Parts of the nation suffering after heat, storms, power outages

WASHINGTON (AP) -- People in the East are suffered through another day of sweltering temperatures Monday, July 2nd, and there's not much letup in sight.

Nearly 1.8 million of them are still without power in the aftermath of a round of severe storms that struck over the weekend. The outages extend from North Carolina to New Jersey and as far west as Illinois.

Utility officials say the power will probably be out for several more days for some people. That's because the storm arrived Friday with little warning and knocked out power to 3 million homes and businesses. Utility companies have had to wait days for extra crews traveling from as far away as Quebec and Oklahoma.

Adding to the urgency of the repairs are the sick and elderly, who are especially vulnerable without air conditioning in the sweltering heat. Many have sought refuge in hotels or basements.

Officials fear the death toll, already at 22, could climb because of the heat and widespread use of generators, which emit fumes that can be dangerous in enclosed spaces.

Meanwhile, southerners are baking in the heat, which has climbed past 100 degrees in many areas.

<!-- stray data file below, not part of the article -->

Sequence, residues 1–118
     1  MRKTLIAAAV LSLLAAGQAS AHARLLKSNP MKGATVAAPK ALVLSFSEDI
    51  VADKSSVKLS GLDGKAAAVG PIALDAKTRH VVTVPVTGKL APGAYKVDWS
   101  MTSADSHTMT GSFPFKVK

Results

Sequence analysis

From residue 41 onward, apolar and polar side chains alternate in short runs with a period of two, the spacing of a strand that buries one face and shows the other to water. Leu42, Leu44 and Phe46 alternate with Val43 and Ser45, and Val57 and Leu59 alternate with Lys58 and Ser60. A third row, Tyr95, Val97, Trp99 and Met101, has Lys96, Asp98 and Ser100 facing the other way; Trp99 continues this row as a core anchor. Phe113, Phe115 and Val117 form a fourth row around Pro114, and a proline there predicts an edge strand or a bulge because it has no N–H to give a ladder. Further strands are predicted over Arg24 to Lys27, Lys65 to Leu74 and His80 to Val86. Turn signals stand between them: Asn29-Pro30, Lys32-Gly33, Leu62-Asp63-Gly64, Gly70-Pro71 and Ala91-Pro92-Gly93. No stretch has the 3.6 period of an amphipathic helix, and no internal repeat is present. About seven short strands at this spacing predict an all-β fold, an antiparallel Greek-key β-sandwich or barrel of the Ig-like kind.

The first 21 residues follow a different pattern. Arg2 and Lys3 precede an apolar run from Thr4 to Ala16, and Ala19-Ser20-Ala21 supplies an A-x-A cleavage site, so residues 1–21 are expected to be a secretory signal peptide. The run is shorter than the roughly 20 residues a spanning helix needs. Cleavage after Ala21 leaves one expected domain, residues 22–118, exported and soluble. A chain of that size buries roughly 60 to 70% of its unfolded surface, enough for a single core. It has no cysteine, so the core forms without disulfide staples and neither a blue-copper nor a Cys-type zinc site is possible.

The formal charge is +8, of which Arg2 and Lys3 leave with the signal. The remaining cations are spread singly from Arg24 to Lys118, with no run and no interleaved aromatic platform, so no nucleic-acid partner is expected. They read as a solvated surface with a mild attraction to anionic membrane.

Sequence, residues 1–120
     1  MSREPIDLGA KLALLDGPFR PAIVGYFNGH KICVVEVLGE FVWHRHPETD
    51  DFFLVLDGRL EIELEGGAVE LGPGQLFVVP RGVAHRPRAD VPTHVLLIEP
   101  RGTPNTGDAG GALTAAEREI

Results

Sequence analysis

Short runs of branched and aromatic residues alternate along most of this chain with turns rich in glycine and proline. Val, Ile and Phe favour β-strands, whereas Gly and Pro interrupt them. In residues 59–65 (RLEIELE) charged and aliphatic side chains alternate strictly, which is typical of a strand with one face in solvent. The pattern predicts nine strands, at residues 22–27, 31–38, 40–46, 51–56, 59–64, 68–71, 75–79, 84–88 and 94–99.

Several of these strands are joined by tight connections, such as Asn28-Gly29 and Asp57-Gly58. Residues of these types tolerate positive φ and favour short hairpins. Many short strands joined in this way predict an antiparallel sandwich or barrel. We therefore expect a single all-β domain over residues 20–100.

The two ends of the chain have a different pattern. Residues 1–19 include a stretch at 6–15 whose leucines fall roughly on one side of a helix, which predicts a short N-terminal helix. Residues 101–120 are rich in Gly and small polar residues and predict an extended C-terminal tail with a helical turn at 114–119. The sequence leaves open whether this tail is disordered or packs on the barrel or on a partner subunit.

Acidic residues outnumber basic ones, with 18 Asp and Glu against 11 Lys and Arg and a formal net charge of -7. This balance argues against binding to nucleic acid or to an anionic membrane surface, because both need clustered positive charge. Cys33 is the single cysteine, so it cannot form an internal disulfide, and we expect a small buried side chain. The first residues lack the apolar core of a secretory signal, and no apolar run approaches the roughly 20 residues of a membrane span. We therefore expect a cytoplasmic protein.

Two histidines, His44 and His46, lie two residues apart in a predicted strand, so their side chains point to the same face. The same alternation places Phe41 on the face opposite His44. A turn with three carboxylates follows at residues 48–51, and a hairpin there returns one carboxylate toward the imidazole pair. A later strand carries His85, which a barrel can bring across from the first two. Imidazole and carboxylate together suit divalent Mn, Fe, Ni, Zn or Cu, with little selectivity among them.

The National Weather Service says both Atlanta and Columbus, Ga., recorded their hottest-ever temperatures Monday, July 2nd at 106 degrees.

Still, those weren't the hottest places to be in Georgia. Macon hit 108 degrees, tying its hottest-day-on-record from 1980. And temperatures climbed to 107 in Athens, which was a little cooler than Friday's 109 degrees in the city.

In Charlotte, N.C., the temperature hit 104 Monday, and the Raleigh-Durham airport matched its hottest temperature ever at 105 degrees. Fayetteville set a daily record of 102 degrees.

In South Carolina, it climbed to 109 degrees Monday at Columbia Metropolitan Airport. But still, it didn't come close to Sunday's blistering 113 degrees on the University of South Carolina campus in Columbia.